It’s around that time again for me, July 19th; the day the marks the end of another year of my life. Many thoughts roll around in my head on my birthday of course; some good, some not so good, some psychotic (very very few). In general though, I think it is a time for reflection on the experiences I’ve had over the past year, and (if for some reason no other time seemed right) a time to be humble and pleasant to the people and situations that surround me.


I don’t think birthdays should be all about gifts and birthday bashes involving large groups of people you don’t know. Not that these things are bad, but they are but small and relatively unimportant parts of a birthday. I do think it should be a time where you can allow yourself to be unconditionally open to positive energy and attitudes. Negative attitudes should be brushed off like dust on an old book; a minor annoyance on the surface, but only a superficial obstacle compared to the vast meaning and knowledge held within the pages of the book itself.

To all who share a birthday around this time, I implore you to take this time as gift to yourself, and use it to show the world your capacity for kindness, tolerance, and patience.

Have a wonderful, easy-going, peaceful and happy birthday.. if only in your own mind!

Looking for D&D Players In Burlington Ontario

 I used to play Dungeons and Dragons with some very close friends a few years ago, and I really miss the game. I was introduced to D&D when I was about 25 years old, which is pretty late in the game compared to the many who started playing in high school or university. I have to admit though that I thoroughly enjoyed getting together with close friends and having in-depth discussions not just about the technicalities of the game, but about pretty much everything else that was going on in the world at the time.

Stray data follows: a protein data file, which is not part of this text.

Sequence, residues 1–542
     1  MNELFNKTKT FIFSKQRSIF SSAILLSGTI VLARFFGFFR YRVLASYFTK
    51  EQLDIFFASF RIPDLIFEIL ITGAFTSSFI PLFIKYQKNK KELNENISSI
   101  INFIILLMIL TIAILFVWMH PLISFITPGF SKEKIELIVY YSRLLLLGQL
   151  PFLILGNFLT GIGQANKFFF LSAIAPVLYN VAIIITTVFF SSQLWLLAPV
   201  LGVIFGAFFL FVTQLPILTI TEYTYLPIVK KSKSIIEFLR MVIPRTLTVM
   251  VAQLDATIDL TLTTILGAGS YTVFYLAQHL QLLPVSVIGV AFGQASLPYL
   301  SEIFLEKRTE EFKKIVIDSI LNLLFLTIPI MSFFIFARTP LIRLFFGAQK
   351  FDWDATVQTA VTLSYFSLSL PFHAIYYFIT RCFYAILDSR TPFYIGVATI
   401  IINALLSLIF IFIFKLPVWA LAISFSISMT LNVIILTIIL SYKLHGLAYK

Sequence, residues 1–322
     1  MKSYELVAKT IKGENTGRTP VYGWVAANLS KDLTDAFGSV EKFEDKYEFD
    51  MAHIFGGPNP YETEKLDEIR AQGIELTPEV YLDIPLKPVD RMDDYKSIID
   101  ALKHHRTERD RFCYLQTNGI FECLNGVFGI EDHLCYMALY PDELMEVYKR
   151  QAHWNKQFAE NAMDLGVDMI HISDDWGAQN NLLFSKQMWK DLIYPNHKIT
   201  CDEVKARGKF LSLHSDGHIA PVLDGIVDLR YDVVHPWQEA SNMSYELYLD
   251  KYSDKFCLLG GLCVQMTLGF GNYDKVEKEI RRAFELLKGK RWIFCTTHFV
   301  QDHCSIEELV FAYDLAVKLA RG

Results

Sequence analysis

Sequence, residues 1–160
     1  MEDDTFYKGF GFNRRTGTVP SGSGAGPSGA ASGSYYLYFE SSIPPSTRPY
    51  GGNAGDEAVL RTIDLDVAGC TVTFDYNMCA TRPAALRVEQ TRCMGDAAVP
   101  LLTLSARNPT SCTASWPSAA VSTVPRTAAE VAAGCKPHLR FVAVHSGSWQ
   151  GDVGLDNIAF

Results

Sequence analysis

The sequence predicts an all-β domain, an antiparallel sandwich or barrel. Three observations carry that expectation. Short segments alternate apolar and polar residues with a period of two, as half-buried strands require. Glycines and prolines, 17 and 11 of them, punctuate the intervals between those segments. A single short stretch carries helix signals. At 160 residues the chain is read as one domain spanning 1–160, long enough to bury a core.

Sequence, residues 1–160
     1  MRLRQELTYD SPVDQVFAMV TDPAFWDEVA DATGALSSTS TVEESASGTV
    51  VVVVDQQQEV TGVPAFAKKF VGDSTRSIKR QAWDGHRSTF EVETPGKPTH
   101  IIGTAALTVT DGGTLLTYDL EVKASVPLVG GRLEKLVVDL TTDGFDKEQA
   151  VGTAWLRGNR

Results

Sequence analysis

Since I moved to Burlington, it has been a lot more difficult for me to head out into Toronto to visit friends at all, let alone to commit to a schedule to play D&D for a few hours a night each week. Being married and working full-time as a software developer doesn’t really lend it self well to much D&D time, especially if that means driving across three cities to just to get to where the game is being hosted.

However, again, I do miss the game. So I figure that the only way to get involved in D&D again is if I get involved with a game happening locally here in the Burlington area.

Some people have suggested online RPG gaming such as World of Warcraft, Dungeons and Dragons Online, etc. But this isn’t for me. The purpose of playing games with friends for me is less about the game, and more about being around and interacting with intelligent, witty, and sometimes crazy people. It’s about socializing, something I fear has been lost in the translation from table-top games to the world of online gaming.

This is a shout out to any ladies and gents who have an interest in playing, and reside in the Hamilton-Burlington-Oakville area. Of course I wouldn’t want to jump into playing right away, because I forgot much of the rules, and would have to brush up a bit. But if you’re interested in getting a game going, please let me know via e-mail, or better yet, post a comment on this article so that others can follow along.

Re-embracing The Blog Scene

After a long and unscheduled hiatus, I am slowly influencing myself to re-engage the personal website and blogging scene. Yay!

It’s been a while since I’ve last maintained a personal website regularly. Since I joined VMware, I’ve kept myself quite busy with what I like to call “money work”. “Money work” or “work work” is work done purely for the acquisition of money in order to maintain (or increase) a standard of living. This is of course in contrast to “mind work”, “love work”, “curiosity work” or “my work” which I would collectively define as work which is done purely for its own intrinsic joy. Continue reading Re-embracing The Blog Scene